Upon awakening on Sunday morning, I felt good that I had accomplished the chores of yesterday and that my boys and I had enjoyed a performance at Canisius High School of Shakespeare’s “Comedy of Errors” and continued our evening at a wonderful local restaurant in the city.  Prior to entering the school, friends of my family were exiting the school gym with their brood, and it struck me that true happiness comes from being present with what is, what life is presenting at the moment, that the precious joys of life are meeting old and new friends alike, in  whatever iteration life offers them to us.  The joy of life is linked directly to the serendipity of life and even through the inevitable tragedies and suffering and changes that we all encounter, there are surprises if we remain open.

I have felt the repeating treadmill of chores, and work, and going to the office to see the same faces, and cracking the whip as mom coach, understanding why this might feel so endless and fatiguing.  This is natural, many of us feel this.  If we are constantly searching and expecting to be entertained from our mind’s boredom, then of course, we will suffer more.  Becoming aware of the amazing every day reality through true perception of our senses can be lifesaving and certainly joy-producing.  It may feel the same, or we may think we are just going to the same place over and over, but that is an illusion, it is our mind creating our illusion, almost as if we have horse blinders, feeling like we are in a cartoon reel repeating over and over.  Each moment is new, fresh, and heretofore unlived.  Each moment offers a new chance to be touched by our world, to touch our world and those in it, to make a difference, to relieve someone’s pain or sadness, to make an impact, a difference, to extend some human kindness.

And, sometimes, we may have a realization that we need to change something about our lives or our environment, it may be as simple as a small shift in the way we think about, talk about, or view our world.  Small shifts over time create new worlds. Sometimes it is time to drop our warm but totally claustrophobic cocoon with gentle courage while holding ourselves as we traverse new paths.  Sometimes it is time to move on from relationships, gently but definitively saying goodbye.  Hanging out with the right crowd that supports our path is important, shows compassion towards our self and towards our immediate and ever-present world.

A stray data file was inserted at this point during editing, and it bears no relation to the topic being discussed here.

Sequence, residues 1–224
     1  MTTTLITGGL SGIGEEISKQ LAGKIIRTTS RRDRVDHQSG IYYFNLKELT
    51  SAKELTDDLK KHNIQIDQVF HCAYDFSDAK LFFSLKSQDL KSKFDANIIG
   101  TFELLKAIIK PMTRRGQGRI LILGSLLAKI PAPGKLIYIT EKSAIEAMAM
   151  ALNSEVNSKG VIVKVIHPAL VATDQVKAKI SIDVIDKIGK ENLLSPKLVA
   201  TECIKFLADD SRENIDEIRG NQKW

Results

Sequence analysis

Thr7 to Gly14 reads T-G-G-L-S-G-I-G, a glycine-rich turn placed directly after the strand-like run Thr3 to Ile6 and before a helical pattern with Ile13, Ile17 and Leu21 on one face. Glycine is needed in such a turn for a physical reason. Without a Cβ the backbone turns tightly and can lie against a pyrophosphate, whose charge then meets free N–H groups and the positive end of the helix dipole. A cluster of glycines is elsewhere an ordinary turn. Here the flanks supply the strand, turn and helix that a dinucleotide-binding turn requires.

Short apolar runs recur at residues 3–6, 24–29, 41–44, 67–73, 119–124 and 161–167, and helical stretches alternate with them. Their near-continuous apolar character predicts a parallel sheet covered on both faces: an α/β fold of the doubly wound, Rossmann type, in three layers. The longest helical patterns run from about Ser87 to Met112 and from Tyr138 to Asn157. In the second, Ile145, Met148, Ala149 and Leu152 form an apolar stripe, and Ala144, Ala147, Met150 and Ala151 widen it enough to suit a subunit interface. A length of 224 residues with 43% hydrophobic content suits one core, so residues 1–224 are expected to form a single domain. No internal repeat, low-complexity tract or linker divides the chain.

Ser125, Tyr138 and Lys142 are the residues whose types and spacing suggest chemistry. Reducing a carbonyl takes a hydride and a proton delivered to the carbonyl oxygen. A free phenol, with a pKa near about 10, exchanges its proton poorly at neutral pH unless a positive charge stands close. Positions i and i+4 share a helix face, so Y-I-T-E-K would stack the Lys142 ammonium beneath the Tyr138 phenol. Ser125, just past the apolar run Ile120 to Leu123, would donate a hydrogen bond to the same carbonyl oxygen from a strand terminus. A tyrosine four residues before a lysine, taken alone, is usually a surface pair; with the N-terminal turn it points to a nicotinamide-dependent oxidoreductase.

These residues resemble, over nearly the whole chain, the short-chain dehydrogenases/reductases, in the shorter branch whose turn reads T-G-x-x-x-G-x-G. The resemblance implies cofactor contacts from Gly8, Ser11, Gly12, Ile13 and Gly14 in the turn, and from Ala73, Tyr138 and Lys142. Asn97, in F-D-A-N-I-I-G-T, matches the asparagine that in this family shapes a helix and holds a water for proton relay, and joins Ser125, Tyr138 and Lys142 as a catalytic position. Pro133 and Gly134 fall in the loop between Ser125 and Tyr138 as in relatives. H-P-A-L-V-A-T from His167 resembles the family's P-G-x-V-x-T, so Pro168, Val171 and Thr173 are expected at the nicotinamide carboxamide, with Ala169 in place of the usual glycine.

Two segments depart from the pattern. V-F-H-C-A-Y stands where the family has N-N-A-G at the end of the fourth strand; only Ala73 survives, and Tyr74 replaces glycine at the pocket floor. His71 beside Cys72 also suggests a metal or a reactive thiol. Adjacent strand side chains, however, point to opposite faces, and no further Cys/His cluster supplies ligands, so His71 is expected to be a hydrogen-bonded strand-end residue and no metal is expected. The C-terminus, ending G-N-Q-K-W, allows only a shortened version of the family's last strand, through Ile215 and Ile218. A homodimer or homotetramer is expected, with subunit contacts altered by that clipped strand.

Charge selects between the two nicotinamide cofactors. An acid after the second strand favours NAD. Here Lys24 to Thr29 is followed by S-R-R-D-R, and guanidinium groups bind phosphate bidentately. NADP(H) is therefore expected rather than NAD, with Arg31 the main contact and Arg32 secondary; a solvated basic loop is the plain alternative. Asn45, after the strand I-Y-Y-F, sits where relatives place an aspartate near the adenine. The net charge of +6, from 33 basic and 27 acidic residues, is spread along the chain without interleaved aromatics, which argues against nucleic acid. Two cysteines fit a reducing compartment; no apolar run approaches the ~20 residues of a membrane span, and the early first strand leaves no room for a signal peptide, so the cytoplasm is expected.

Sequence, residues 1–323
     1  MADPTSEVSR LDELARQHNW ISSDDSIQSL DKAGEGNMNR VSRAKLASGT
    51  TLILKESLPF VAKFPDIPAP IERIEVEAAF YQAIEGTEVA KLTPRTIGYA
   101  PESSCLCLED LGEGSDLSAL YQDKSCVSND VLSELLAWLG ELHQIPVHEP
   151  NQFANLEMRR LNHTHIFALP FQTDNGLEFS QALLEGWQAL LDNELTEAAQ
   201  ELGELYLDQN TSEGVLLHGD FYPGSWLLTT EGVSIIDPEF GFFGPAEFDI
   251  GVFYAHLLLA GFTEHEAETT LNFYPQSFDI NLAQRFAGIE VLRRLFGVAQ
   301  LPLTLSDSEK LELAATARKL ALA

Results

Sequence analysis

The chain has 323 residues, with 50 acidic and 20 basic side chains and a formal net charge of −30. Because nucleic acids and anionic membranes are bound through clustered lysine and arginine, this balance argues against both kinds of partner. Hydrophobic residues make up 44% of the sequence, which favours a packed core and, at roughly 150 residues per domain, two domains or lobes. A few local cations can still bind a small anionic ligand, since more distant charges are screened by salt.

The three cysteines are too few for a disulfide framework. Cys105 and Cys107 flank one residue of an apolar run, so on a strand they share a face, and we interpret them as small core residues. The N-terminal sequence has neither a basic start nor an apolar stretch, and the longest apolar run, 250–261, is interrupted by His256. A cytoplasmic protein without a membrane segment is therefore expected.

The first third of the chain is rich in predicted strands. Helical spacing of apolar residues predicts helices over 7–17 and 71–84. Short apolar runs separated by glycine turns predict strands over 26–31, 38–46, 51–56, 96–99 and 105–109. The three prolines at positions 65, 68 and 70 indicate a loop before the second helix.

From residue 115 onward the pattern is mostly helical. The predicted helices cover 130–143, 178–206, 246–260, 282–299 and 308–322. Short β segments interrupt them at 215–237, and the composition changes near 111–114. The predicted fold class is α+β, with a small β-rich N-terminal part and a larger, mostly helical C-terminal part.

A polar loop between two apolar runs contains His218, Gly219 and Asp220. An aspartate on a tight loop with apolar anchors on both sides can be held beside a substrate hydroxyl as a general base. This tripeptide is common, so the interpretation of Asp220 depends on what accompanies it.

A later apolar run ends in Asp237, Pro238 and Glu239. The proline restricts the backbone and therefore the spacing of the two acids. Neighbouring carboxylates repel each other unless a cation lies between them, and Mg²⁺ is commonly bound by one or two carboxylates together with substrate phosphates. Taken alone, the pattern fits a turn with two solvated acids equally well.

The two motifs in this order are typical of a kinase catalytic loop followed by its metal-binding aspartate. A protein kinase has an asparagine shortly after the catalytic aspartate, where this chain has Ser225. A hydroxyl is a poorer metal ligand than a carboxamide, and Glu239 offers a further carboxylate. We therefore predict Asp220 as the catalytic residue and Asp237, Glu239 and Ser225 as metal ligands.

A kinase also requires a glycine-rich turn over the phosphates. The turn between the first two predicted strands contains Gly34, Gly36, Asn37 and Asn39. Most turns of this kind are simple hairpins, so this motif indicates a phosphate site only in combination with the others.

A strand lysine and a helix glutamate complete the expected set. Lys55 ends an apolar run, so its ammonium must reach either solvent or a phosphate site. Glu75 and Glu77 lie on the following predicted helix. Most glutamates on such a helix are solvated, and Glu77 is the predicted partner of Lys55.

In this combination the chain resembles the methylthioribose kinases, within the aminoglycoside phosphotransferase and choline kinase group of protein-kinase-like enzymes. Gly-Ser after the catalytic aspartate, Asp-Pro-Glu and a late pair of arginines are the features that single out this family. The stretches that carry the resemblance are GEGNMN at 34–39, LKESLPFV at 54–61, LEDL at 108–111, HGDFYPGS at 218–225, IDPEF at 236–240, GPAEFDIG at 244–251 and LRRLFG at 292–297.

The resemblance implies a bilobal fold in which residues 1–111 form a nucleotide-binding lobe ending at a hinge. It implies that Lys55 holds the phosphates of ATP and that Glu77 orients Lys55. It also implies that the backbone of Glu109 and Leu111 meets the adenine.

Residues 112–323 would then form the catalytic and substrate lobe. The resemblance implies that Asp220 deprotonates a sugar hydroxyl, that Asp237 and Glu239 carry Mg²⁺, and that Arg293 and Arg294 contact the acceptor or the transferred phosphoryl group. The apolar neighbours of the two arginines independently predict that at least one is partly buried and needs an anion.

Wednesday, December 5, 2012



The mystery of my disappearing

Happens over time

Drawn out days

That seek the night

Turning into years and decades

A lifetime of worries, regrets, anxieties, untruths.

I seek to put this all into a place

Into an illustration of a life that can disappear

A life that can vanish

Yet still be worth the moments of magic.

The taproot of my existence

Not as myself, as she sits here with swollen eyelids this Mother’s Day

But the taproot that

Burrows itself deeply within

This earth spreading outward

In all directions

Joining with all the other taproots

Deeply embedded within the core

A meaningful, quiet core of existence

Where anger no longer sounds

And fear doesn’t have a name

In fact, it has no meaning there

Since there is no need.

The mystery of my disappearing

Is no longer a mystery at all

It has been the meaning

Of my existence
Since I must lose myself to become one.


(Written May 10, 2009 on Mother’s Day)

Sunday, December 2, 2012



The journey of a tear

Dwelling first within my heart

It starts as a welling of a dull inside ache

Appearing rather suddenly in my eye’s corner

Watery, flowing, alive

Its destination yet unknown in its meaning

Yet my tear’s highway is always the same

Edging its way out of one corner of a sad eye

Beginning its passage down

A flushed cheek on the face of a feeling

Washing its way off the edge of tired soul’s face

The human pondering her life’s own journey

Desperate in its teeming stasis

Dreaming of being instead a river

That can continuously flow

Like this small droplet of fluid

That has made its way

Out of her eye

Over her cheek

Down her chin

How different is the tear really from the river

The tear as the river is both

Wet and flowing

And ever feeling its way

Through its passage on

Human surfaces

Just as a river flows over

This precious earth’s own surfaces

(Written January 8, 2006)

Monday, November 19, 2012


Resolutely I jump off the train

Await my lover

In the barbershop

Old worn black barbers

Shave and style

Young black men’s heads

I intrude

And still I am welcomed

Phone rings

I answer

Playing secretary

Wanting so badly

To be accepted

Am I stuck in my whiteness?

Unspoken desperation

Desire for acceptance

For a brief time

We connect

The humor of our game

Our barbershop quartet

Plays on.

(Written on February 22, 1991 in Michigan City, Indiana)